rights vis-a-vis the company. Prior to foreclosure there is no mechanism

vis-a-vis the charged interest to become a member, and after acquisition

by foreclosure the judgment-creditor may become a member under LLC

default rules only upon the consent of the incumbent members. Without


Curiously, the dissent did not address the numerous earlier Florida decisions stating the charging order to be exclusive even though not expressly set forth in the statute. See supra note ....;,_'


A treatment of the In re Albright decision, supra note 2, written by two of the

authors, Thomas E. Rutledge and Thomas Earl Geu, The Albright Decision - Why a SMLLC is Not an Appropriate Asset Protection Vehicle, 5 BUSINESS ENTITIES 16 (Sept./Oct., 2003), was cited in the dissent.



that consent the creditor could become only a transferee and succeed to the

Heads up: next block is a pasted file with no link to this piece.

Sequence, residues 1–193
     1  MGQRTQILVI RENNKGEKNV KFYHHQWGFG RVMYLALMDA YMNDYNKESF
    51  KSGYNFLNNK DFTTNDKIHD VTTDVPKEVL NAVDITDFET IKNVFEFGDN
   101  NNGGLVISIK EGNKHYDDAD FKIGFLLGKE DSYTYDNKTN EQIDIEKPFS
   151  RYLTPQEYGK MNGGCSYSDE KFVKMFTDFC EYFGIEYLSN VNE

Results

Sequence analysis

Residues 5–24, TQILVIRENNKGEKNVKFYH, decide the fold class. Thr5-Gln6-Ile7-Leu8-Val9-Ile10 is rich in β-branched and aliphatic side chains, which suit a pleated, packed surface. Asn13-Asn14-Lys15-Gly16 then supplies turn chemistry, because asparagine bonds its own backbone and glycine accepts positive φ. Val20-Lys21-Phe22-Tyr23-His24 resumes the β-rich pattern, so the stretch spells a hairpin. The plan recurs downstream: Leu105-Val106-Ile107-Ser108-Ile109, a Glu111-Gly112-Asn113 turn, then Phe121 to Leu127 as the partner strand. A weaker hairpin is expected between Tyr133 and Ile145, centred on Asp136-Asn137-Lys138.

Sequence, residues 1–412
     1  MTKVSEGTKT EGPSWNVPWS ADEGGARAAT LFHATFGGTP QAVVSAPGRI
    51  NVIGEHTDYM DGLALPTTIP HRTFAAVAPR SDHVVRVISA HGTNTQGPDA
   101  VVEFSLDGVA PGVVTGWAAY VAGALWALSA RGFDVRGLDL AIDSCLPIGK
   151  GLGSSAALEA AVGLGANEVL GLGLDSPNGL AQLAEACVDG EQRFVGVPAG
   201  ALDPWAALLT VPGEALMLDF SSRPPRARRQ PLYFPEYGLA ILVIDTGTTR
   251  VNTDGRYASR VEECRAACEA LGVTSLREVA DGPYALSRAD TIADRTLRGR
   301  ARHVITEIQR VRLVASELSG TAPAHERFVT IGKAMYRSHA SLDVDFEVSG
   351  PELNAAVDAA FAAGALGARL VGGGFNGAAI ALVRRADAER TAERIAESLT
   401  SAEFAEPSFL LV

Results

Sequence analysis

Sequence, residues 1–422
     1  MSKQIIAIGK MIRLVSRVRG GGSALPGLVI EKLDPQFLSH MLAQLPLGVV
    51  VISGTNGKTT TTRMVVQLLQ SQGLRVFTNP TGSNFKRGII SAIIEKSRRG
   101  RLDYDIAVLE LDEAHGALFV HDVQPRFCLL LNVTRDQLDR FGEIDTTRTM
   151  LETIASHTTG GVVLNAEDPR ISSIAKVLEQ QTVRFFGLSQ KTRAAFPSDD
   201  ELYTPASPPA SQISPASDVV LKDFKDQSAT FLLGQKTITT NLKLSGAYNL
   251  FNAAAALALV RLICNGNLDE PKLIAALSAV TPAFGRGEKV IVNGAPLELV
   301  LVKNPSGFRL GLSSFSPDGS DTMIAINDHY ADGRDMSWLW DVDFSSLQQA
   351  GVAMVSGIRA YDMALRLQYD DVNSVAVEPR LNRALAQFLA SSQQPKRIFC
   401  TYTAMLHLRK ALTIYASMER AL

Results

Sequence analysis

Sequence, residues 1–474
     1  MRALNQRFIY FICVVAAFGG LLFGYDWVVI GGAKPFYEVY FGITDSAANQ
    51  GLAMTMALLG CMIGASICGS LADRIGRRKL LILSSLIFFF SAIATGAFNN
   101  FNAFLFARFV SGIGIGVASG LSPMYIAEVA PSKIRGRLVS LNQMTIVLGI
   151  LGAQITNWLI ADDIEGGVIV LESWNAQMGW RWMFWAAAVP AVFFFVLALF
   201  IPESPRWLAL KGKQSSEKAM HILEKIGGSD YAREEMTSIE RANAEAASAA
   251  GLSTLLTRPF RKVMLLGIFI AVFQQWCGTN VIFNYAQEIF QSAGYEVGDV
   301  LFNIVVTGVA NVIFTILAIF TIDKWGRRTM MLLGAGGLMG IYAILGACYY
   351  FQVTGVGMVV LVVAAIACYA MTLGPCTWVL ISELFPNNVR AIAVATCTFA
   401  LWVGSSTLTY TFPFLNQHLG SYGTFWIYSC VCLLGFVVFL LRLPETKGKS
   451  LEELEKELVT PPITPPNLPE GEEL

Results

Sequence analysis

right to participate in the LLCs management.


Thus, only under unique

circumstances consequent to private ordering in the controlling operating

agreement would the judgment-creditor of a member in a multi-member

LLC have more than only the (minimal) rights of an assignee/transferee.


Statutory Construction

Charting the course from Point A to Point B on the surface of the

statute using tools of construction does not necessarily account for the

jurisprudential ridges and tangled policy wrecks that lurk just below it. A

general awareness of these features aids in understanding


though, paradoxically, it does not necessarily explain it. The subsurface

features result from tension between and among law and equity, on one

hand, and, on the other, the separation of powers between the judiciary

and the legislative branches of government. These tensions can quickly

devolve into a theoretical morass beyond the scope of this article.


FL. STAT. § 608.432, cited Olmstead, at

* __


Accord KY. REV. STAT. ANN. §§ 275.275(1)(b); 275.265(1) (requiring a majority-in-interest of the members other than the assignee to approve the admission of the assignee as a replacement member). See also supra note _ and accompanying text.


For example, an operating agreement could provide that a member's transferee is admitted to full membership in the LCC upon receipt of notice of the transfer.




Related subjects :